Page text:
Hawaiian counties are committing to a feminist economic recovery plan, alongside a State-led programme to ensure women have equal access to ‘green jobs’ in sectors targeted for stimulus. The plan proposes an economic reorientation away from the military, tourism and luxury development in favour of “more sustainable economic livelihoods”, including investment in childcare, education, healthcare and traditional food practices, and a universal basic income.
The plan, entitled ‘Building Bridges, Not Walking On Backs’, proposes an economic reorientation away from the military, tourism and luxury development – sectors that prioritise foreign interests to the detriment of sustainable, equitable and indigenous livelihoods. It proposes “social revaluing” of sectors dominated by women, including social services, domestic services and healthcare, as well as investment in subsistence living and the perpetuation of land- and sea-based practices traditional to Hawaiʻi’s ecological and food system.
Other proposals in the plan include raising the minimum wage, adopting a universal basic income, introducing universal health care, and restructuring the tax system (once the recession ends) by increasing property and corporate taxes.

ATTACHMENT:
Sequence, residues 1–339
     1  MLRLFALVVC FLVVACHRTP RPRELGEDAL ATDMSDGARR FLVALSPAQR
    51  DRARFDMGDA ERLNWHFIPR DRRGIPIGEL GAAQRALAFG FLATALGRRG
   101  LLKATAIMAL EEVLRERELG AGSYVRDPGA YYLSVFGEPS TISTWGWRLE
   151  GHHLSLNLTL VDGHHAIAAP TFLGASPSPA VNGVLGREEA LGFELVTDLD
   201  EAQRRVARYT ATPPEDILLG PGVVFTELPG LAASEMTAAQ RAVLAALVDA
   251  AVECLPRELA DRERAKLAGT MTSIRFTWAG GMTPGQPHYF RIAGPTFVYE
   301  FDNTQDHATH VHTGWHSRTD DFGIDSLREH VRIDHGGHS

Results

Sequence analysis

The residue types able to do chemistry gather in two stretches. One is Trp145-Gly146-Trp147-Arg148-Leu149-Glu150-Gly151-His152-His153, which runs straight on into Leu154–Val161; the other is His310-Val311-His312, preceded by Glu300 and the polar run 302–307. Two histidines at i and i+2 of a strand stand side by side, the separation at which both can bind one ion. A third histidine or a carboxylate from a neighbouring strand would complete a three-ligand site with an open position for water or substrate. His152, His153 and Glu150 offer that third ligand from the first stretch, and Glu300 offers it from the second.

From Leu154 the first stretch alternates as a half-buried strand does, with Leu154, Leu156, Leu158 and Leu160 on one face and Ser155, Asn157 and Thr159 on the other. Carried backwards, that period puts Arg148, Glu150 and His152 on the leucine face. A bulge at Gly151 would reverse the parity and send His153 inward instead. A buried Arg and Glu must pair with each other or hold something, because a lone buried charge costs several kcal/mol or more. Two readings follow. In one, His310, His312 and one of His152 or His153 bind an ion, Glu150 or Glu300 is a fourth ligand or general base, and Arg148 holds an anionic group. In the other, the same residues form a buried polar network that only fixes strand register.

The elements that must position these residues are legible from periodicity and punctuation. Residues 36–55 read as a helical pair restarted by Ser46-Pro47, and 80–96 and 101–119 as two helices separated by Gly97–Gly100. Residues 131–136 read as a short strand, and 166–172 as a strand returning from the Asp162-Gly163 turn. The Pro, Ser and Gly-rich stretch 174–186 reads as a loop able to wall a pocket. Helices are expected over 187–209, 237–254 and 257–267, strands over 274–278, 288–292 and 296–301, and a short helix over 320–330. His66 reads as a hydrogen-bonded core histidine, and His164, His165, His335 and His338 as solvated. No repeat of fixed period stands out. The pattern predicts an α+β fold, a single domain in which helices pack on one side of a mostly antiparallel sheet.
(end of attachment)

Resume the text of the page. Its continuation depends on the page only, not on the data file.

Women have been disproportionately affected by the pandemic, through loss of regular income, increased childcare, and exposure to discrimination and domestic violence.
The plan, authored by the Hawaii State Commission on the Status of Women, argues that the voices of those most impacted by COVID-19 in Hawai’i are largely missing from the discussions on COVID-19 recovery planning – in particular racialised women, women of color and Native Hawaiian, Pacific Islander and immigrant women. In Hawai’i, not only has women’s labour been heavily impacted by loss of tourism, but their “uncounted” activities – including caregiving, domestic services and food provision – have gone into ‘overdrive’ as a result of the pandemic.
Can such an approach scale? Khara Jabola-Carolus, Executive Director of the Hawaii State Commission on the Status of Women, says that other states, including Louisiana and Iowa, have contacted the Commission with plans to replicate the process. Canada has also put forward a feminist recovery plan with eight pillars, including “care work is essential work” and “diverse voices in decisions”, and “addressing the root causes of systemic racism”.